- The Washington Times - Thursday, September 15, 2005

A story in This Old House magazine this month details the theft of a whole house by criminals who deal in used building parts. The crime, in Lindale, Texas, took place over several days, in broad daylight and while the hardworking thieves waved to neighbors walking by. The neighbors assumed the men were doing some tasks for the owner.

Antique housing parts — chandeliers, doorknobs, mantles — can be very expensive to install or replace. That’s why, many times, people who are selling their homes can turn into thieves themselves, if they decide to remove such items after the sale of their house without getting permission from the new owners of the house.

Attached items in a house are, indeed, personal property. Although they can be removed, they generally go along with the sale of the house to the purchaser.

Law.com’s online legal dictionary, www.dictionarylaw.com, defines this type property as chattel, “an item of personal property which is movable, as distinguished from real property (land and improvements).”

If an owner has decided to take a piece of chattel along with him once he sells the house, it’s best to just remove it before the house goes on the market instead of trying to label it as “does not convey” with postcards or a post-it note during showings and open houses.

I’ve heard home sellers defy all logic when this is suggested by saying, “But it makes the house looks so good.” Then why snatch it from the buyers’ hands right after they write a contract? If it’s a selling point, then it should stay.

A colleague of mine had buyers who fell in love with an older home and especially liked the pewter hardware on the doors throughout the dwelling.

And guess what was gone — and not even replaced — just gone from the house during walk-through? Have you priced antique pewter lately? An average four-bedroom house can have up to 20 interior doors. These doorknobs can go for about $35 each. That’s $700 worth of hardware if you install all of them yourself.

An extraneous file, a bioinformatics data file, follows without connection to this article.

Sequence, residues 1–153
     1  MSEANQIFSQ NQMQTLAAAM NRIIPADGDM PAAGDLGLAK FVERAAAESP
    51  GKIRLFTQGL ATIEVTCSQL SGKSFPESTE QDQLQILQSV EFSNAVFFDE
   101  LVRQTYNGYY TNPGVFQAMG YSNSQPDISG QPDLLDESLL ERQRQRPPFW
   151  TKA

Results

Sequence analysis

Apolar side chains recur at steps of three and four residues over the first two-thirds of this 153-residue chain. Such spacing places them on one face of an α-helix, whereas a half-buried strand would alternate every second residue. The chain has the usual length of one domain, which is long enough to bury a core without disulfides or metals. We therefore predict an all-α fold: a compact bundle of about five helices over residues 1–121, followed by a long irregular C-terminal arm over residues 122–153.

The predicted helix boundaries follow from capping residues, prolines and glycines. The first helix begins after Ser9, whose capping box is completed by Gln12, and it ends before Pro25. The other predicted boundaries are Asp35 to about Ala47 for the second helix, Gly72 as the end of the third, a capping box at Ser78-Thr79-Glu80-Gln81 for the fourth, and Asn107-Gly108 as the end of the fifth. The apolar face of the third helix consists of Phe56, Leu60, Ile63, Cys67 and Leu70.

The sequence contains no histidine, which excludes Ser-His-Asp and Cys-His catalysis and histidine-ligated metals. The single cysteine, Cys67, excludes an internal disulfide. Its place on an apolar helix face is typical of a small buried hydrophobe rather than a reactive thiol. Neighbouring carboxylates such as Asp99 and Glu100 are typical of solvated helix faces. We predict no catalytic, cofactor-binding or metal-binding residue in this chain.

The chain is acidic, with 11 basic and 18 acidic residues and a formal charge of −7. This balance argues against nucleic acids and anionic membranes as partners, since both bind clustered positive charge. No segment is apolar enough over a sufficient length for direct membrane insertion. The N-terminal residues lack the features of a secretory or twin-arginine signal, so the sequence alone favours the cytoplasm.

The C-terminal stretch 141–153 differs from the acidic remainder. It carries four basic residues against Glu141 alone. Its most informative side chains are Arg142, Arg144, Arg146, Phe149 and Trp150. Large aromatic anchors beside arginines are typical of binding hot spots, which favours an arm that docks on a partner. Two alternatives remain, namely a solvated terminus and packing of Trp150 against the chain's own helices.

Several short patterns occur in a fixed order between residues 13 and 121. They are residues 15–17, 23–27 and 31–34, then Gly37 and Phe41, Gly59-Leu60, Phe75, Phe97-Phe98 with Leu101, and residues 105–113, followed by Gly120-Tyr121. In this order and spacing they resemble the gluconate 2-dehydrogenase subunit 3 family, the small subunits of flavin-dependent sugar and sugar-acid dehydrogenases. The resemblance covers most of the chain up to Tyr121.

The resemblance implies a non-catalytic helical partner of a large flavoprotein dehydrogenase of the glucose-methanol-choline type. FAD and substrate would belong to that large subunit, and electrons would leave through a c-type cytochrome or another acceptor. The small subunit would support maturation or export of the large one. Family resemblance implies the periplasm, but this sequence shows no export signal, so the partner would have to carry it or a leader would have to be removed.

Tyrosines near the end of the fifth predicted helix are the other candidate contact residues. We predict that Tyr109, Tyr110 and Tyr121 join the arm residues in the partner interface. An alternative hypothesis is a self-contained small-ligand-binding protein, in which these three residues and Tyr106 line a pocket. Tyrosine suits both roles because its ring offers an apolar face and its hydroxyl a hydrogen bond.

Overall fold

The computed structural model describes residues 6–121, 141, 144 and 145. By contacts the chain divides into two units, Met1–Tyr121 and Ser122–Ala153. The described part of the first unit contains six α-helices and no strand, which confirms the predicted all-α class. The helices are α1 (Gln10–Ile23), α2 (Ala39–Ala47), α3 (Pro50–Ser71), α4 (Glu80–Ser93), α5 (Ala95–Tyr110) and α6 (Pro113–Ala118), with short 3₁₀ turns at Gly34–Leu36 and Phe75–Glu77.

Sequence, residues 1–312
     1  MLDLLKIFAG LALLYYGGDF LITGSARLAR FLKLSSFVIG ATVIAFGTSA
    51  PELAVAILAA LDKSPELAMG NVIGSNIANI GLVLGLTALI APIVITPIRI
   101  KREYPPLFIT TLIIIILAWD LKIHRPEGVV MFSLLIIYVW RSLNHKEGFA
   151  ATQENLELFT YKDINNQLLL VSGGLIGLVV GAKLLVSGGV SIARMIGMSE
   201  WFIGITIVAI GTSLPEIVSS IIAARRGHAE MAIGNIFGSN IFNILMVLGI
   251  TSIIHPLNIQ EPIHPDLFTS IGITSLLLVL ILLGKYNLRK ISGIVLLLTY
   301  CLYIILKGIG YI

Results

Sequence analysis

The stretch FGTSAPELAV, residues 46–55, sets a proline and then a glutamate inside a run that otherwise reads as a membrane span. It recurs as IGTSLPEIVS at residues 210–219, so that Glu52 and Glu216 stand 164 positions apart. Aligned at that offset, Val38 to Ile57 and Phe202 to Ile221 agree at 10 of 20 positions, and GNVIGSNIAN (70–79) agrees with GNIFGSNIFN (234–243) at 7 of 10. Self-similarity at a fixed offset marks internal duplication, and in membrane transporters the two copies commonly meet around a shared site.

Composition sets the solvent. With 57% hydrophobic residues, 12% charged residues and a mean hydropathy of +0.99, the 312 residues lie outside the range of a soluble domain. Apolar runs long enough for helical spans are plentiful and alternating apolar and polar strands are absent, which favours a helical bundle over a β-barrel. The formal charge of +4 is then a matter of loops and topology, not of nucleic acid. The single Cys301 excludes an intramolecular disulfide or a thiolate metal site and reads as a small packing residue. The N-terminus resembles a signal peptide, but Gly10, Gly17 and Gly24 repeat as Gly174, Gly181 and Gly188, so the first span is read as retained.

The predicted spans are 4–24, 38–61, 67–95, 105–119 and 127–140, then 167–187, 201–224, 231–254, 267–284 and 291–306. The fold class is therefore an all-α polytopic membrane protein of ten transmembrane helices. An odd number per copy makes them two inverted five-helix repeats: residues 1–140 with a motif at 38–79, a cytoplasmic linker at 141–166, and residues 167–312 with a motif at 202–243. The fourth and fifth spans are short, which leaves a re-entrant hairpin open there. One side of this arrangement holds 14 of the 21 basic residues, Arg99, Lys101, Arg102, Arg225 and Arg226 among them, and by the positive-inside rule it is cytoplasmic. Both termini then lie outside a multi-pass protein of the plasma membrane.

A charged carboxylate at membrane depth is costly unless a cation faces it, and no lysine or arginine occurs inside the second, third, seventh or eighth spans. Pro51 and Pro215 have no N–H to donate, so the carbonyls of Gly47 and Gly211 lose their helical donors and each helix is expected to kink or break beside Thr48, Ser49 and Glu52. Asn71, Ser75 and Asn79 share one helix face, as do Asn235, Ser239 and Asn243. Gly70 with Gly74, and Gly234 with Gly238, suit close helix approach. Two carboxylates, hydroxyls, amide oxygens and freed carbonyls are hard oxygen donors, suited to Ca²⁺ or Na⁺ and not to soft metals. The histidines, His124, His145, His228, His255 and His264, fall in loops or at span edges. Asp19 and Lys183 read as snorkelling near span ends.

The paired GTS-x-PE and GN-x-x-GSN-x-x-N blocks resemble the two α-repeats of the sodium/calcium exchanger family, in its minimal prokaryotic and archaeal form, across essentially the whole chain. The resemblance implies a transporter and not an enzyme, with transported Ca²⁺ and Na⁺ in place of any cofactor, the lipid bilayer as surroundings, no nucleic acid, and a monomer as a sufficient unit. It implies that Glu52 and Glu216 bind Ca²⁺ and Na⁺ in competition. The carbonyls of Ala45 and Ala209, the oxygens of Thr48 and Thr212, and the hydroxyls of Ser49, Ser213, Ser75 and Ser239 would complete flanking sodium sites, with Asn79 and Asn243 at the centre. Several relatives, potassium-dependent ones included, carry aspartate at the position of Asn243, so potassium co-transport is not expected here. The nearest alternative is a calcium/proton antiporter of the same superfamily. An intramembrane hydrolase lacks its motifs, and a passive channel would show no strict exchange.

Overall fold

Snatching chattel at the last minute also angers the buyer and plants a seed of doubt in their mind as to what else is missing and what else the seller has hidden from them in the process.

The removal of chattel explains why most residential sales contracts have a check-off section where traditional chattel items are inventoried. This includes items such as all appliances, ceiling fans, garage door openers and remotes, playground equipment, window treatments and alarm systems.

As the purchaser fills out the contract, the buyer agent will check off the items they saw in the house. The seller should check over this list very carefully, just to make sure they agree with what the buyer believes he’s getting with the house.

In addition, it could be the buyer has listed items that don’t even exist — such as a refrigerator with an ice maker when no ice maker exists. If the listing agent doesn’t notice this and the transaction goes through, the seller or agent could be responsible for a new ice maker installation for the new owners after settlement day.

You would hope cool heads would prevail. However, let’s say the above ice maker is checked and during walk-through the purchasers find that it’s not in the refrigerator but that it was listed in the contract. The buyer could demand the seller purchase a new one for them before going through with the transaction.

Keep in mind that chattel can be used as a negotiation item, as well, which could be why a buyer would request an item that’s not even installed in the house at the time of contract.

For instance, if the house has a garage, but no garage door opener, the buyer could write up that they will buy the house but that they want the seller to install a garage door opener as part of the sales contract. Thus, that piece of new chattel would have to be installed by settlement.

The biggest thing about chattel is that everyone needs to know what’s staying and what’s being removed. Surprise is the main item to avoid.

M. Anthony Carr has written about real estate since 1989. He is the author of “Real Estate Investing Made Simple.” Got a personal real estate issue? Post question or comments at his Web log (https://commonsenserealestate.blogspot.com).


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